We’re talking about a dark, moist, slightly chewy pudding-like gingerbread, so delicious warm with a generous dollop of whipped cream, perhaps even better the next day when all the spices and molasses have had time to “mellow and meld.”
In her headnote, Miss Lewis says, “I remember Mama dipping a teacup into the stone crock of molasses and spooning out the sugary syrup into the pungent ginger batter. Warm gingerbread with fresh, skimmed, heavy cream was an exotic treat after a meal of fresh pork or game on a chilly fall evening.” Hello!
WARM GINGERBREAD WITH SWEETENED WHIPPED CREAM
(adapted from The Taste of Country Cooking)
2 cups all-purpose flour
1/4 teaspoon baking soda
2 teaspoons homemade baking powder
1/2 teaspoon ground cloves
1 tablespoon powdered ginger
1 teaspoon cinnamon
1/2 teaspoon salt
1/2 cup butter (1 stick) and 1/4 cup lard mixed together
1 cup boiling water
2 eggs, beaten
1-1/2 cups molasses
1. Preheat the oven to 350°F.
2. Butter and flour an 8 x 8 x 2-inch baking pan.
3. In a large mixing bowl, sift flour, soda, baking powder, cloves, ginger, cinnamon, and salt.
4. Melt the butter (and lard, if used) in the boiling water, then whisk into the floured mixture. Stir well, then add beaten eggs.
5. Continue stirring, add molasses, and stir well again.
6. Spoon the batter into the baking pan and bake for 35 to 40 minutes, or until a skewer inserted in the center comes out clean.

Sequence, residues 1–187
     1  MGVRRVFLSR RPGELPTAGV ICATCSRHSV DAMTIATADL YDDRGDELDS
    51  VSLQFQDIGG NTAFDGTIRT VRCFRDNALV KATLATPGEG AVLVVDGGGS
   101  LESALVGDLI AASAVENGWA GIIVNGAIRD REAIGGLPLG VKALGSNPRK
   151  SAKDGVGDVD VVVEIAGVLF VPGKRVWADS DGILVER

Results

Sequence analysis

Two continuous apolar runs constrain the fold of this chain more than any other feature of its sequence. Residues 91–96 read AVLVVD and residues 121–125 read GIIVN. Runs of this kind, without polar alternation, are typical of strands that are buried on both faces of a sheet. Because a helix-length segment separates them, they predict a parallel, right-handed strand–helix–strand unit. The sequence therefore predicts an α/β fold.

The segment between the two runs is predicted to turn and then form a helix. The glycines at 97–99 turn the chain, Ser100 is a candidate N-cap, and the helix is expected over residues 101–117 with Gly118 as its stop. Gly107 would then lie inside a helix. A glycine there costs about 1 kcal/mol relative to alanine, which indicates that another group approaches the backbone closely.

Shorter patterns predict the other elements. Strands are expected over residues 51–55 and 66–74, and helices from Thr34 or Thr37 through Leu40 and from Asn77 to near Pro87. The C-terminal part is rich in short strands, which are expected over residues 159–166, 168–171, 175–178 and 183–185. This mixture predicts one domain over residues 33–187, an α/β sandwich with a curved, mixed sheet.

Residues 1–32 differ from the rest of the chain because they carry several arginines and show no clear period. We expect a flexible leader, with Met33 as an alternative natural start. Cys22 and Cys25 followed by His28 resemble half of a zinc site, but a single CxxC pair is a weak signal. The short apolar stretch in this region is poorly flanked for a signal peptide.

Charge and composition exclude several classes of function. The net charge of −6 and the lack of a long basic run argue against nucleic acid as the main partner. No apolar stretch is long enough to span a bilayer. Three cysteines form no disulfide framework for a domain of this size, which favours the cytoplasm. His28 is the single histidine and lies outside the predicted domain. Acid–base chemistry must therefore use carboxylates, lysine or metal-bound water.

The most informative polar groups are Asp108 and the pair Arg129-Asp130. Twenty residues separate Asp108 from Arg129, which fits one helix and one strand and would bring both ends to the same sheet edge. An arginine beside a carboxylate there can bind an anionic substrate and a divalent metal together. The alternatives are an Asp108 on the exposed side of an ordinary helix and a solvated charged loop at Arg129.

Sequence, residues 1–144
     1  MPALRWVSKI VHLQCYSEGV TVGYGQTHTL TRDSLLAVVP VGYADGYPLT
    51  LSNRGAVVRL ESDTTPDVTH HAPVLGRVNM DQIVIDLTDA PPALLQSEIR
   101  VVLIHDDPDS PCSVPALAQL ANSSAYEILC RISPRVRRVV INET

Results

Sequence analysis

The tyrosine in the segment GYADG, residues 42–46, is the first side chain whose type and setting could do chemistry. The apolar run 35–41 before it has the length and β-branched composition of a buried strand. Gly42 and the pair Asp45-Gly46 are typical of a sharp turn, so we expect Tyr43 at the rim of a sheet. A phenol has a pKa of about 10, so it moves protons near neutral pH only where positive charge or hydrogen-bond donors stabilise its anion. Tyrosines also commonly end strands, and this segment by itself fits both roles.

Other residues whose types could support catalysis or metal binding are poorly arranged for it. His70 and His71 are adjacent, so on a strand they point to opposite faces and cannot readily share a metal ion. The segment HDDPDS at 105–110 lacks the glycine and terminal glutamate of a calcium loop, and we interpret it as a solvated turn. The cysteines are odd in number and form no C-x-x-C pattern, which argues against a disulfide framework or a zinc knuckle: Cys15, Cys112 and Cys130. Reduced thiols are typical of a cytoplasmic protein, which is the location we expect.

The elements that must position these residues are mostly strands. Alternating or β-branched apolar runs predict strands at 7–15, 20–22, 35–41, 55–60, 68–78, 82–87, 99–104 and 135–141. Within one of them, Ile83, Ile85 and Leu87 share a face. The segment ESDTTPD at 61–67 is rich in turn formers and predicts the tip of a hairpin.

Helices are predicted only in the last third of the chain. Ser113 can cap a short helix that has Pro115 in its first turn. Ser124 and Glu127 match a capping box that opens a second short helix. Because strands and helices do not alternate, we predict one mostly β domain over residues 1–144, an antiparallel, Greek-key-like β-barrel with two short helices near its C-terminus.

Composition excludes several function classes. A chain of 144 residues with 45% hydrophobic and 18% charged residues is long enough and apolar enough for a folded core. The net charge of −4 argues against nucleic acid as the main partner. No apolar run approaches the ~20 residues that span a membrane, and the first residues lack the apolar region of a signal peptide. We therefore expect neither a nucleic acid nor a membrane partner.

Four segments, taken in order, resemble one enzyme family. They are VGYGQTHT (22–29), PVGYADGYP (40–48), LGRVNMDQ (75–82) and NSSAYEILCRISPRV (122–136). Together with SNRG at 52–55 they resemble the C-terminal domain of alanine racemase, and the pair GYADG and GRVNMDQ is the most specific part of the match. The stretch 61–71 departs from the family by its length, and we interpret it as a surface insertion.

For the Whipped Cream:
1 cup heavy whipped cream
2 teaspoons vanilla
2 tablespoons sugar
Whip the chilled cream until it forms soft peaks but is not too stiff, then add sugar and vanilla. Serve with warm gingerbread.
Note: I used 3/4 cup butter and 2 cups unbleached flour. You can also use 1/2 cup butter with 2 cups bleached all-purpose flour, or, 1/2 cup butter with 1-2/3 cup unbleached flour.
Homemade Baking Powder
1/4 cup cream of tartar
2 tablespoons baking soda
Sift the ingredients together 3 times, transfer to a clean, tight-sealing jar, and store at room temperature, away from sunlight, for up to 6 weeks.
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♥ SECOND HELPINGS ♥
♥ Enjoy this wonderful award-winning documentary about Miss Lewis, “Fried Chicken and Sweet Potato Pie,” written, produced and directed by Bailey Barash. You’ll get to hear her voice and feel her essence — it’s spiritual, calming and comforting. As so many others have said, she has a great face — a presence — and was truly a luminous individual. You’ll also get to hear from Scott Peacock about their unusual, abiding friendship. Well worth 20 minutes of your time.
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♥ I also highly recommend her essay, “What is Southern?”, which I freely quoted from in this post. A beautiful piece of writing!
♥ Check out her cookbooks. Her first, The Edna Lewis Cookbook, is available on the secondary market and is now a collector’s item.
♥ Yes, there is a children’s picture book about Miss Lewis written and illustrated by Robbin Gourley, Bring Me Some Apples and I’ll Make You a Pie (Clarion, 2009), which I reviewed here.
When the weather gets warmer, I hope to visit Lahore and Unionville to see where Miss Lewis grew up and was finally laid to rest.
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This post is being linked to Beth Fish Read’s Weekend Cooking, where all are invited to share their food related posts. Put on your best bib and apron, and come join the fun!
Copyright © 2013 Jama Rattigan of Jama’s Alphabet Soup. All rights reserved.